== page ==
I have made a decision to go back to school.  Starting in August, I will attend classes at the Reformed Presbyterian Theological Seminary in Pittsburgh.  The classes will lead to a Doctorate in Ministry (D. Min.) in two years with a minimal of class attendance and a ministry project.  You may ask why I would decide to do this since I already have an earned doctorate. 

There are many reasons, but mainly I have a goal to attend at least one program or seminar every year that can add something to my ability to carry out my work.  This program certainly achieves that goal.  I have other reasons that I won't go into here.  The program's schedule is already published through 2009, so I will be able to adjust my travel schedule to attend the classes.

What are you doing to develop and grow in your capacity to fulfill your purpose?  What classes are you attending?  What books are you reading?  What other things can you do to equip yourself for excellence and success?  I am not saying you have to go back to school or do anything academic.  But surely there is something you have been putting off that could yield great returns in your own personal PurposeQuest.  Perhaps this is the year to pursue those things. 


Back in the Saddle

All right, I'm not back in the saddle, but I am back in Texas!  It's time again for another round of purpose work here in Dallas.  It's said that there are only two things to do here, and that's eat and shop. So far, I've done a little of both, with a lot of purpose work squeezed into my free time.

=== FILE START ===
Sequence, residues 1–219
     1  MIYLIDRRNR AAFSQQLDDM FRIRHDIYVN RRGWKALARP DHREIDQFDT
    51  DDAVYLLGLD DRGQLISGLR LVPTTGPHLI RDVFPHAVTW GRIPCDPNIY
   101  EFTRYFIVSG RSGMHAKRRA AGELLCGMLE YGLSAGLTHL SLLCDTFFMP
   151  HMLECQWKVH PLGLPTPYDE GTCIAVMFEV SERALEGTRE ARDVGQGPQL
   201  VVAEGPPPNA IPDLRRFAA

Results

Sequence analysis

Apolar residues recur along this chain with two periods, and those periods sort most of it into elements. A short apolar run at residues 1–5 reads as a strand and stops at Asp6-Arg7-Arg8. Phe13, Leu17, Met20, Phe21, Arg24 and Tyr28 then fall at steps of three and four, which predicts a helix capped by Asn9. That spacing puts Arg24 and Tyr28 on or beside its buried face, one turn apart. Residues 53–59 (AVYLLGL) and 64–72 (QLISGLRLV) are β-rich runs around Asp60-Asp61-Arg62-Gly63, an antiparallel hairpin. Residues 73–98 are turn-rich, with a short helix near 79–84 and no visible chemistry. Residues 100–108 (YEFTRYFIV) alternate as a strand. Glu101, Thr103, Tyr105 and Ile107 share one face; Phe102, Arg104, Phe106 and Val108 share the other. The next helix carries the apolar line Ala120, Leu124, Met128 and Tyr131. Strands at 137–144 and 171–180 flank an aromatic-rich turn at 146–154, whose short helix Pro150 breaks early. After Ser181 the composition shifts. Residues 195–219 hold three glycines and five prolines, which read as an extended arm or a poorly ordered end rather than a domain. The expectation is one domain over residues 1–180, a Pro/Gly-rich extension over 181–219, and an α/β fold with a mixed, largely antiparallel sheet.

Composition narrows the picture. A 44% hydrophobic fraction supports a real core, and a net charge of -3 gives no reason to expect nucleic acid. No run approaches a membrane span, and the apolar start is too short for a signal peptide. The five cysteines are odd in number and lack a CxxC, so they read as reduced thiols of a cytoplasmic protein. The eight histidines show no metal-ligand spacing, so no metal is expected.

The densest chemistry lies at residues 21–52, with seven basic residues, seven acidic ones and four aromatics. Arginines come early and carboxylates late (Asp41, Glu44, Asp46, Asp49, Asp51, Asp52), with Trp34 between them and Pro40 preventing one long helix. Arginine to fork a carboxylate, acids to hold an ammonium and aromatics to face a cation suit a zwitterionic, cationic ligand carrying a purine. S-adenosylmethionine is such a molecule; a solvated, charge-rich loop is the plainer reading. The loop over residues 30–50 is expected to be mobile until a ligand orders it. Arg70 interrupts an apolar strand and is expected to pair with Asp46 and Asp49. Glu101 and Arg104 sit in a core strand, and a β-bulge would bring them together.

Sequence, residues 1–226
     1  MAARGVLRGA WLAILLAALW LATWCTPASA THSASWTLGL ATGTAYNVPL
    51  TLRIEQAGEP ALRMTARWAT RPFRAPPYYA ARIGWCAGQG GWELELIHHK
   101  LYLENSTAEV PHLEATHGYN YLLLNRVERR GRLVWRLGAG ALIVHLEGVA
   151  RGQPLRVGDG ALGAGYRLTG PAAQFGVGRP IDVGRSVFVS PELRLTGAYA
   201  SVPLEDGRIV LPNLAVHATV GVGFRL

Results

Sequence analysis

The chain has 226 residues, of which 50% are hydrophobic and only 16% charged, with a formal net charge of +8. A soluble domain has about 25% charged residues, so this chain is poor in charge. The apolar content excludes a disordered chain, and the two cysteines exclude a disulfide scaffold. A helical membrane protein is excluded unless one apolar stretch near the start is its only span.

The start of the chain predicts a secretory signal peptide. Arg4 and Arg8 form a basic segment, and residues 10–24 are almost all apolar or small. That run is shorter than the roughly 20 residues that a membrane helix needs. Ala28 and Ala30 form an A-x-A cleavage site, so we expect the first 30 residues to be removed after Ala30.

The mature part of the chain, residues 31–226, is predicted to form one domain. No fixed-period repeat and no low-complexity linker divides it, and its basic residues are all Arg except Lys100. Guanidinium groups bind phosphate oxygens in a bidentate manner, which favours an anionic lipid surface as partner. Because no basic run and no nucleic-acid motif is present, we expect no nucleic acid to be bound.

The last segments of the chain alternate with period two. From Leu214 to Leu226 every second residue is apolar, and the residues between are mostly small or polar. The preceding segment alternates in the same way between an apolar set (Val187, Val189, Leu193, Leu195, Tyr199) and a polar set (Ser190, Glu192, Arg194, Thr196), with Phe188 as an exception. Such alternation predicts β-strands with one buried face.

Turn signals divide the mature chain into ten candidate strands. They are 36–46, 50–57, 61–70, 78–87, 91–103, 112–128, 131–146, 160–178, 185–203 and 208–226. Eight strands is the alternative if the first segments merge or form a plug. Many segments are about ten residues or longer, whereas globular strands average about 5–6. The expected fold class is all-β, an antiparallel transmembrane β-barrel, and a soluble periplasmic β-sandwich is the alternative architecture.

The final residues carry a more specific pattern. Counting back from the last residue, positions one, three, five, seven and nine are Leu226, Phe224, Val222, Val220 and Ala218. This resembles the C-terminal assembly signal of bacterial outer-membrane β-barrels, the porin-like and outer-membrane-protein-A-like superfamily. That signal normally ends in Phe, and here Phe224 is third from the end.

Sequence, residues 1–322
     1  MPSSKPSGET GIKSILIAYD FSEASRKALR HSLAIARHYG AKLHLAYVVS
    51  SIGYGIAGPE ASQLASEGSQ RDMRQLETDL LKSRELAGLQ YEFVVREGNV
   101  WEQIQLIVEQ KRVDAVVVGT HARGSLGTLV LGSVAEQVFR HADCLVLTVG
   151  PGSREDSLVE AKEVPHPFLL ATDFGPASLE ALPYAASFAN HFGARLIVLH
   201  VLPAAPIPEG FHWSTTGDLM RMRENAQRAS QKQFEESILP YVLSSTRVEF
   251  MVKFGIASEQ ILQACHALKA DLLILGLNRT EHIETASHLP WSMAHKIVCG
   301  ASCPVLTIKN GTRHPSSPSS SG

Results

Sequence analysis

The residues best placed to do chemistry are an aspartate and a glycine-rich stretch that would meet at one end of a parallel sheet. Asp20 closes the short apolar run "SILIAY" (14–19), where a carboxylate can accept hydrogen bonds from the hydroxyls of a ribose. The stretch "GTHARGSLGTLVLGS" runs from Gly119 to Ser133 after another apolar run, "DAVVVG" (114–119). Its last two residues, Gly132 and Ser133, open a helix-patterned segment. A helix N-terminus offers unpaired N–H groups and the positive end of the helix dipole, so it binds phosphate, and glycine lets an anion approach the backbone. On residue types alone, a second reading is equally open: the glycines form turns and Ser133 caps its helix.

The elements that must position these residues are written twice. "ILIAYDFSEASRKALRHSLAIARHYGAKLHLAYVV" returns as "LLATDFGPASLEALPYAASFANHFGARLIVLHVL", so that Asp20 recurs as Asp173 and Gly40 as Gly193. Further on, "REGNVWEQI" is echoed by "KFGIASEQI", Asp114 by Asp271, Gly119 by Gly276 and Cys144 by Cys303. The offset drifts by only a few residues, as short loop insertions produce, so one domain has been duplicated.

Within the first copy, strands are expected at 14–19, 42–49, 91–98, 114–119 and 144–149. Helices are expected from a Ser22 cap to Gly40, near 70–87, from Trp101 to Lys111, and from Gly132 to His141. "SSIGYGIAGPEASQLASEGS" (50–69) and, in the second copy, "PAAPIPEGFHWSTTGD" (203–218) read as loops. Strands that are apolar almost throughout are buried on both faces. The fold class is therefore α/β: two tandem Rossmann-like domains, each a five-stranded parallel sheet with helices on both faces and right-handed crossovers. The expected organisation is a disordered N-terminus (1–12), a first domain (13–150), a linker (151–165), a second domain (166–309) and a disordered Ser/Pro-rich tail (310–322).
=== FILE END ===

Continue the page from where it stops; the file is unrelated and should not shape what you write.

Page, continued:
The weather is about the same here as in Pittsburgh, which just tells you how mild of a winter we are having at home.  I am in a Panera's Bread Co. right now before my next appointment.  I live Panera's because they have free wireless Internet and, just in case I'm hungry, I can get something to eat. 

I went by my favorite BBQ place today and it's closed!  Holy Smokes is no more but there are plenty of restaurants to take its place.  I opted to go to Jason's Deli instead today, where there is a great salad bar.  I ate at Pappadeaux's Seafood the first night I was here and Salt Grass Steak House last night.  So many restaurants, so little time.

Not only are there a lot of restaurants here, but there is always a wait to get in.  I think most Dallas' homes don't have a kitchen, so people have to go out so often.  Well, I have to run.  If I don't eat soon, I will be off schedule and won't get in all the places I have in mind before I return home next Thursday.